Dance in Education Affirming its position and place
Personally, I believe it is all down to students’ aspirations to achieve and possess the necessary knowledge, skills and understanding of the dance practice engaged in.
So, who am I in the first instance? I am John and I teach the students on the BA Physical Education and Physical Education with Outdoor Education Degree. If you wish to see where I come from, my home and my schools, please have a look at the link - https://youtu.be/TlonNsAyJM8.
At Leeds Beckett University, I teach dance and strive to include and motivate as many students as possible in their dance experiences. In the short time I have with my students they encounter as much dance practice as possible. Throughout the delivery of this dance content I prefer to teach theory through practice. For example, first year students receive four different themes of dance as part of a core module. Adopting this approach means we can focus on moving and at the same time begin to explore the theory underpinning this. In the second and third year, students elect to participate in dance. The two modules are available, one in each year and these support progressive and developmentally appropriate Dance in Education practices. As part of these modules students work with a variety of age groups, depending on their career choices. As a consequence, all students are engaged in as much cross-curricular, collaborative and creative practice as possible. The culmination of students’ participation is their teaching of delegates from across the country and young people attending the Bi-annual Dance Professional Development Day at Leeds Beckett University. Do have a look at the most recent advertisement for the students’ teaching, “Shakespeare with a Twist” https://youtu.be/4b11mKfJfkY. The students are especially proud of the way in which the theory and practice from the dance modules support each other on these days, particularly with our students enabling delegates to learn more about the nuances of dance practice. Through these modules our students are developing their confidence and then using this to make others feel more comfortable about dance.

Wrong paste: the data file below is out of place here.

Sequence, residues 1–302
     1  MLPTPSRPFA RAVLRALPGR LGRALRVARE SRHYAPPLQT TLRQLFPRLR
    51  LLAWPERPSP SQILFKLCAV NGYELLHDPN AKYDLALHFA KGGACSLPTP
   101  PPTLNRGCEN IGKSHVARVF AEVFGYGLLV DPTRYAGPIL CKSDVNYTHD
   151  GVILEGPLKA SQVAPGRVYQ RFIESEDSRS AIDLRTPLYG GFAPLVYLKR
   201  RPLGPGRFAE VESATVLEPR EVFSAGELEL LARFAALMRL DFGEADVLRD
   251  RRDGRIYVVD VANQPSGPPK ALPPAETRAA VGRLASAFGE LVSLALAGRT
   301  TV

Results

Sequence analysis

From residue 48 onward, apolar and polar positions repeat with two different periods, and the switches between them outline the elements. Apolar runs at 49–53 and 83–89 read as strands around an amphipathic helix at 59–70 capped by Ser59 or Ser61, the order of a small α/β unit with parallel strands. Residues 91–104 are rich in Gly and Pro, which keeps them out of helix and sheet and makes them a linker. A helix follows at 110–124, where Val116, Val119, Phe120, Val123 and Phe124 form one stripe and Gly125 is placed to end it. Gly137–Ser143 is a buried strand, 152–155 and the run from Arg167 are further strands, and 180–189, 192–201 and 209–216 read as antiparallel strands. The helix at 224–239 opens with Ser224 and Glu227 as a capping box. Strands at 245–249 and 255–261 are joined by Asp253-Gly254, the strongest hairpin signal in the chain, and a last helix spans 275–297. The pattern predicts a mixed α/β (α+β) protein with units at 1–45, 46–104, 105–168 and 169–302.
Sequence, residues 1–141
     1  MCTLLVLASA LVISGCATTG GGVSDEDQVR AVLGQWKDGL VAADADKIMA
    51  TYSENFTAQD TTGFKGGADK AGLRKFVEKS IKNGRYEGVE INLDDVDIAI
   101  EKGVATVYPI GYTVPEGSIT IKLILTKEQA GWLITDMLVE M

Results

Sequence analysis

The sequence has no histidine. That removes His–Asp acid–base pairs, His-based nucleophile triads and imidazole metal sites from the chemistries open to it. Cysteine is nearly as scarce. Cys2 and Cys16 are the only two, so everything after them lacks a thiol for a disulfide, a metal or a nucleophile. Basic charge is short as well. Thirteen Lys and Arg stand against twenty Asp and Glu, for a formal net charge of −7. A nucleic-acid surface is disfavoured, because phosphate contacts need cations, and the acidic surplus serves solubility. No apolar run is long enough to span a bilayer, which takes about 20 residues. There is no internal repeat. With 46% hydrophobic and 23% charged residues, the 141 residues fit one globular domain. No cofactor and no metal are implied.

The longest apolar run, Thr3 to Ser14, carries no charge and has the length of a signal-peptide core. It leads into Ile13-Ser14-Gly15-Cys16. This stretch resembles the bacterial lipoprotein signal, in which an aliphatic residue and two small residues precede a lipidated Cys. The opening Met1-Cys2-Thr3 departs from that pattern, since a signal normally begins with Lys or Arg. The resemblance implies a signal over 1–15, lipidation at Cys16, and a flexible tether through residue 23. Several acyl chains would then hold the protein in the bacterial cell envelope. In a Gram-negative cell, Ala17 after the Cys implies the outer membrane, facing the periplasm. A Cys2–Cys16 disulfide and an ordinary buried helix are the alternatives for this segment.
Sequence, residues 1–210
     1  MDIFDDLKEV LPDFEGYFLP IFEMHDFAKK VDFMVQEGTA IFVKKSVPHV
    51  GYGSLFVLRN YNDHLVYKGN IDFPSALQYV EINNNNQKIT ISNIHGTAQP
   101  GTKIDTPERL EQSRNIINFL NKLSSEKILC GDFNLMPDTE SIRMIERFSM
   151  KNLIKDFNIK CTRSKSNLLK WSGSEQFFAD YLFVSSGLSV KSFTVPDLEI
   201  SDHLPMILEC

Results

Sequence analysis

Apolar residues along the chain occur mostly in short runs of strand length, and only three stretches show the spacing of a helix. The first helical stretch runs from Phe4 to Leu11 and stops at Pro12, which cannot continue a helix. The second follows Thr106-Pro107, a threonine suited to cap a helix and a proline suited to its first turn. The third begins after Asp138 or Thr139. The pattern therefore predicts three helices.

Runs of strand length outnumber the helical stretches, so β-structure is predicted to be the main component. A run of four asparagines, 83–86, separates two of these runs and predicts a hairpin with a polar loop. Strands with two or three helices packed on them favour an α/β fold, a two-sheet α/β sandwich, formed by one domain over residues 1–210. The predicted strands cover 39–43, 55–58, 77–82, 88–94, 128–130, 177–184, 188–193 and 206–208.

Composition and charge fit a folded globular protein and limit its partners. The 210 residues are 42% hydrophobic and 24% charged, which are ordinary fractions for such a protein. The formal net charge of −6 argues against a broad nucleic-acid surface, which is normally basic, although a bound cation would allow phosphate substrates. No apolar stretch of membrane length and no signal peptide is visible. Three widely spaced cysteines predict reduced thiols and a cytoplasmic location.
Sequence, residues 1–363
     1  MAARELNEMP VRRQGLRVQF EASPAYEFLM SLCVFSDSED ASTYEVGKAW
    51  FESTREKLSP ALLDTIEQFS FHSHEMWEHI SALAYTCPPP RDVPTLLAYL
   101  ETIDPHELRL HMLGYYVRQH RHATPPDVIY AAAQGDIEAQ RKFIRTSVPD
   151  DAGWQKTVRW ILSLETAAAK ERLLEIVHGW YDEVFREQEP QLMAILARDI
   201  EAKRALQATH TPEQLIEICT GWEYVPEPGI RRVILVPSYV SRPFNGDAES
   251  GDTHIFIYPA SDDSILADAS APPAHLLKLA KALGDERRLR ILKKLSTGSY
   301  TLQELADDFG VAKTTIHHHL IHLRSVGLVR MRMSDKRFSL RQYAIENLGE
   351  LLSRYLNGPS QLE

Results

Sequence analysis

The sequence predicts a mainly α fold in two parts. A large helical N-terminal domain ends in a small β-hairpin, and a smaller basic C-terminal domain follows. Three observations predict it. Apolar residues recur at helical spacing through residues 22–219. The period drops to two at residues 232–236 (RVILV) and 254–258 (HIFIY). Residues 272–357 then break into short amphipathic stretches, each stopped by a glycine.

Probably, one of the best ways to reflect upon the two modules is to consider what the students feel about their experience in dance. One of the elements of dance, which is particularly important, is the stereotypical approach that sometimes stigmatises male participation. The link below offers an insight about the inspiring accounts from some male physical education students https://youtu.be/xiCVjZZgs4w. Similarly the written reflections below provide a sense of the students’ personal attainment and achievement:
The dance education module has provided me with experiences I will never forget. I have been able to improve my knowledge in regards to using the correct teaching style, being able to cater to the needs of all young people and to appreciate the importance of health and safety. I have been able to increase my confidence levels whilst teaching various age groups and from that, I believe that I personally, as well as academically, benefited a great deal from this module.
The whole experience of this module has taught me a lot, such as the importance of Health and Safety, Feedback, in multiple ways, to aid progressions of the children and myself. Knowing the characteristics of the children to influence the best teaching styles to create high quality, inclusive lessons. I have grown personally and professionally, with many key aspects taken forward into my future career. Key aspects will not only be used for dance education, but also transferred into other areas and activities. Overall, I have thoroughly enjoyed the module and feel more knowledgeable and confident.
Dance is an integral subject within Physical Education and contributes positively to schools and as part of undergraduate and post-graduate courses. It is reassuring to know that students from Leeds Beckett University, who engage in the dance, can think outside the box, embrace the subject and understand its value.